On the occasion of my birthday, half a year ago, a friend found this picture for me. It is the program of the 1936 Birthday Ball for the President To Fight Infantile Paralysis. I find it very intriguing and am wondering how you guys (that is, all my artist/art historian/designer/literature-loving/visual culture minded friends, acquaintances and non-acquaintances) would “read” this picture. I’m baffled by it. Roosevelt is sitting at a dining table which looks set for a luxurious (ball?) dinner, but he is writing and does not look to be dressed for a party. An angelic looking woman serves him a birthday cake with (presumably) 54 lights, but he doesn’t see it because he is looking at us. His head is surrounded by girl child angels in pink dresses. Everyone only has an upper body.
How on earth should we interpret this? I only know a little bit about the historical background. Roosevelt was paralyzed from the waist down, as a result of having had polio in 1921. He was generally careful not to let his disability get too much in the public view, but also did not deny that he had had polio. He could “walk” short distances (for instance to the rostrum at the beginning of a speech), aided by a walking stick and someone’s arm. In the 1920s he had found relief in the natural warm pools at Warm Springs (Georgia), and had started to turn it into a clinic for treatment of polio paralytics – this initiative was successful and in the early 1930s it was expanded by FDR ally Henry Doherty to a much larger campaign. The birthday balls (the first of which was held in 1934) were a held as a fundraising campaign to finance polio research and treatment. Birthday Balls to fight infantile paralysis were held throughout the country.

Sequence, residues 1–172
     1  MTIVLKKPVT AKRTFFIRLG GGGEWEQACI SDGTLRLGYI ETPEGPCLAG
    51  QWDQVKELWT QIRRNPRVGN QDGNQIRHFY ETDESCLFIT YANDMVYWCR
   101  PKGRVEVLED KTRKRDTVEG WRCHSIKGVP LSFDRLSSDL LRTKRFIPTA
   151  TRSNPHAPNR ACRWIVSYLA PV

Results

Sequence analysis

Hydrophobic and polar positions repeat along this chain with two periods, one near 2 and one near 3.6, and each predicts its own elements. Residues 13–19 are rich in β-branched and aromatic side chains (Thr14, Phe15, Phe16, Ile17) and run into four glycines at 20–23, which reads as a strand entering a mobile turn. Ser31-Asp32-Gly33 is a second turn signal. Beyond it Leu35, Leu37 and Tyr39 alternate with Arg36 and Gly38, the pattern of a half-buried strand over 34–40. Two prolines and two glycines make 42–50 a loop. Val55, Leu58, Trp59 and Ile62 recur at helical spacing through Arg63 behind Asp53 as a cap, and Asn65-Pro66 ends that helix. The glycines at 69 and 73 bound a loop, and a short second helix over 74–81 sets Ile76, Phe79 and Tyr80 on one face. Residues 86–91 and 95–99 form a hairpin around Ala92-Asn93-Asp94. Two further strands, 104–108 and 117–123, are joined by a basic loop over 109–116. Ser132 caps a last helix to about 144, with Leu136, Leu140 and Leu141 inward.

So what do we make of this strange picture? How does it portray FDR? What does it suggest about his own relationship to infantile paralysis? What are those angels doing there? Why is FDR working during a ball in his honour? Suggestions very welcome!